To catch monkeys the traps are made from an empty hollowed out coconut shell which is tethered to a fixed point. The trapper cuts a small hole in the coconut just large enough for the monkey to squeeze its hand through to grab hold of the peanuts or banana placed within.

Now the monkey's intention is to win the peanuts (Here a Banana) however whilst the first is swollen by clasping the filled hand they are trapped and unless the peanuts or banana are surrended the attachment to those peanuts will see the monkey ( & you also) caught single handed.

Marriage Counselling and relationship therapy;

There are all sorts of monkey traps out there. Life is full of them.
It's a veritable minefield of snares for the unwary, waiting to make monkeys of us all.

Some are hidden.
Others are easy to spot.
But all of them depend upon our static thinking, our inability to see the true nature of a situation.

You see people yanking and hauling on that fistful of peanuts all of the time, desperate to escape the danger they see approaching, but unable to release what is really only a trinket in order to gain the greater prize.

1. Of course, the easiest way to avoid a monkey trap is not to take the bait at all.

2. However having taken the bait, the second strategy is to learn to quickly identify the inner stimuli  of the situation for what it is and reassure yourself that you are safe.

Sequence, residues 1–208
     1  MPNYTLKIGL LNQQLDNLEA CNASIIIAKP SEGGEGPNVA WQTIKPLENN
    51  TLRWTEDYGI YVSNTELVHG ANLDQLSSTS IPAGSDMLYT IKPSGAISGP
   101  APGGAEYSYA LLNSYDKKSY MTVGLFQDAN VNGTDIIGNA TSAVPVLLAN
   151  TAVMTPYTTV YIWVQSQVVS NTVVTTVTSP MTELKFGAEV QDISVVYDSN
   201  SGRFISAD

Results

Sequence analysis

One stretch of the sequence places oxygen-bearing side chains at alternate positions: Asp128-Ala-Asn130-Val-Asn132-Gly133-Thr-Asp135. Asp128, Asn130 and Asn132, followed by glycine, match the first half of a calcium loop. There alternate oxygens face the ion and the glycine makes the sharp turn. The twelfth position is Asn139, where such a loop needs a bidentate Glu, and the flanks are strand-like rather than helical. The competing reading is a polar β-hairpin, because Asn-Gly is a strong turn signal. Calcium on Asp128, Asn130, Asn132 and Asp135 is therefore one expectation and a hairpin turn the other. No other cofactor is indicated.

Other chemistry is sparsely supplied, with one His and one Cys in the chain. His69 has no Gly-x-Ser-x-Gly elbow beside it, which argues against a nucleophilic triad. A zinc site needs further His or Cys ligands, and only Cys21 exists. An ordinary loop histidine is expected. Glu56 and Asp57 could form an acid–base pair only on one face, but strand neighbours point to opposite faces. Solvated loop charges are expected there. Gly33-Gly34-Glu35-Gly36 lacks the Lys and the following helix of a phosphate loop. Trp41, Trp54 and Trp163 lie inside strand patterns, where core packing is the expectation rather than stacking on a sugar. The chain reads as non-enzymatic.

3. A third approach, one that only works if you allow yourself time to study the sensation is to the beat the trap.

Our own trap of expectation, that is.

The monkey, if it took its time and avoided the fearful state and worked on the experience, would come to realize that by turning the coconut or jar the right way he can dump the fruit on the ground and take them up a tree.

It depends on how quickly the monkey can analyze the situation-and how rapidly the hunters are closing in-whether or not that strategy will be successful.
Of course the monkey must also be able to climb with a hand full of peanuts. (This could also be the children, mortgage & untold expenses etc.)

However it's the rare monkey who can beat the trap.

Most monkeys don't see that answer, which seems so obvious to us, so this is the very reason why family and Couples  Counselling is so effective and essential for personal growth, health and development.

Here's hoping you learn to spot the monkey traps life puts in front of you and to beat them when you can.

As Counsellors we promise not to treat you like a monkey but just use this little story to help ease the understanding and benefits of Relationship Therapy.

Average relationship period recorded by the ABS for divorced couples in the 2013 statistics is 12.1 years for 44.8 year old males & 42.2 years old females.
Median age for marriage was 29.5 years for females & 31.5 years for males.

So it certainly does appear that the looming Mid Life crisis so well recorded by Melbourne based psychologist Dr PETER O'CONNOR is rather accurate given the modern day life span of approximately 84 years.

More here on Attachment Theory.

 Further articles at 7 Helpful ways to help relationships.


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Nowra Office; 44 Lyrebird Drive NOWRA. NSW 2541. AUSTRALIA. Phone: 61 0412 777303.
777 Counselling Service